December
4 - 2009

Weekend Winterizing Challenge: DIY Insulation For Mail Slot & Milk Door

We’ve come to the last week of our weekend winterizing challenge! For this week’s post, I dug deep into my home’s winterizing challenges to stop the chill breezes from blowing in our house.

The leaky mail slot

First, I took a good look at the area around my front door. We’ve already replaced the screen on the security door with the glass panel, which has a rubber strip around it. We’ve replaced the weather stripping around the front door itself, and thanks to Jennie’s post, we can add a draft dodger to block breezes from beneath the door. The large living room window is new this year, so it no longer ices over. That left just one source of drafts by the front door: our mail slot.

We don’t use the mail slot currently. Instead, we have a mailbox mounted outside. The empty mail chute is just a corridor bringing cold into our living room, especially given that the inside door hangs askew.

Fortunately, fixing the situation was simple. First, I grabbed a block of styrofoam from my recycling pile and cut it to fit the opening.

I checked to make sure it would fit in the slot opening, and then I coated the whole block with a layer of duct tape (to prevent the block disintegrating), and added a handle.

Then I popped it right into the mail slot and carefully put the door back in place. Drafts blocked! (I intended to also caulk around it, but I ran out of caulk. I’ll do this when I crack open the next tube of caulk.)

The sketchy milk door

Our home was built in 1950. Apparently, in those days, the modern housewife could enjoy the convenience of staggering into the kitchen in her bathrobe, popping open a little door, and finding the morning milk delivery at her fingertips! It’s a neat idea. Unfortunately, today, milk deliveries seem to arrive in a blue plastic cooler on the porch (and we don’t even receive them, because they don’t offer organic milk). That means that old houses like ours have a good-size hole in the wall, disguised as a milk box. For the four years we’ve lived here, mine has been filled with that worst of insulators, unmortared bricks:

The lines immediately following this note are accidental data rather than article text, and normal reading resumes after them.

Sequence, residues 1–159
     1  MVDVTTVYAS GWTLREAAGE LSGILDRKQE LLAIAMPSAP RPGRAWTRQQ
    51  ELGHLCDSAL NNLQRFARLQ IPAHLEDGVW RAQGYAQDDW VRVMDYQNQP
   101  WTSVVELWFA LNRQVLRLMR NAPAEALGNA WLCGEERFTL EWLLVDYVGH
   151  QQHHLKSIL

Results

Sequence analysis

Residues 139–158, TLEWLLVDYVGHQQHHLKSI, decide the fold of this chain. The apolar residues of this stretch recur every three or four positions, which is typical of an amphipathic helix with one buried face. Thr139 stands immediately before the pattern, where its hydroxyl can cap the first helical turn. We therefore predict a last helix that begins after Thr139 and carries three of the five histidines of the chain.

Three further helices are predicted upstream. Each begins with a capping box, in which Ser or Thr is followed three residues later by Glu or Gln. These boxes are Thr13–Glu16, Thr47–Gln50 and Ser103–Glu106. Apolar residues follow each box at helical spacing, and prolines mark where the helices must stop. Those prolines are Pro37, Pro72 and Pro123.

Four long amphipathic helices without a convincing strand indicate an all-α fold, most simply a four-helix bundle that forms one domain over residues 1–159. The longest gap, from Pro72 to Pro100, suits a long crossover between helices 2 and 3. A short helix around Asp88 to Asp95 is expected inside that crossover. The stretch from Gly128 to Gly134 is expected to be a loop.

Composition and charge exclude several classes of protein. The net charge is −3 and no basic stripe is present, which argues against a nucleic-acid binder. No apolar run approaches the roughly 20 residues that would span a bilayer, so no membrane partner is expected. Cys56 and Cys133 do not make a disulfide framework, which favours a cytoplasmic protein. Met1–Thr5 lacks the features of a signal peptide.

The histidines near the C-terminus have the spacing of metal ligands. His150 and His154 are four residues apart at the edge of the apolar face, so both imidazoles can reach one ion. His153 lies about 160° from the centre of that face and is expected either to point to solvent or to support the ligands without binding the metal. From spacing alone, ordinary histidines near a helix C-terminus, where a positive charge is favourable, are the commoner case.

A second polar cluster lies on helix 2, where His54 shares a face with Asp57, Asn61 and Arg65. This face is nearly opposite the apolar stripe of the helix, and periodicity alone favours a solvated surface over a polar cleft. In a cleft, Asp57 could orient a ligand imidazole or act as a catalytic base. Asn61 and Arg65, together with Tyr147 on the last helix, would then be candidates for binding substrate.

Inspired by my success with the mail slot, I dug deeper in my styrofoam recycling bag and found some nice solid pieces and some softer pieces. I combined these into a milk-door-sized brick:

Then I encased the whole shebang in plastic bags and duct tape. I inserted it into the milk slot and fused it in place with a heaping helping of “Great Stuff” insulation.

It doesn’t look like any great shakes, but from the outside (yes, the door opens inside and outside, creating a hole right through the wall) the insulation bears a courteous message:

Even better than a delivery of milk, this insulation works. You can’t see it at all from inside when the metal door is shut. And in fact, the door is now warmer than the brick-and-plaster walls surrounding it.

What are you doing to winterize?

Our next step, hopefully to be completed this winter, is to install an energy-efficient dog door, which will involve Mr. Cheap rebuilding the back door to insulate it.

Have you taken any new steps to make your home or apartment more energy efficient this year?

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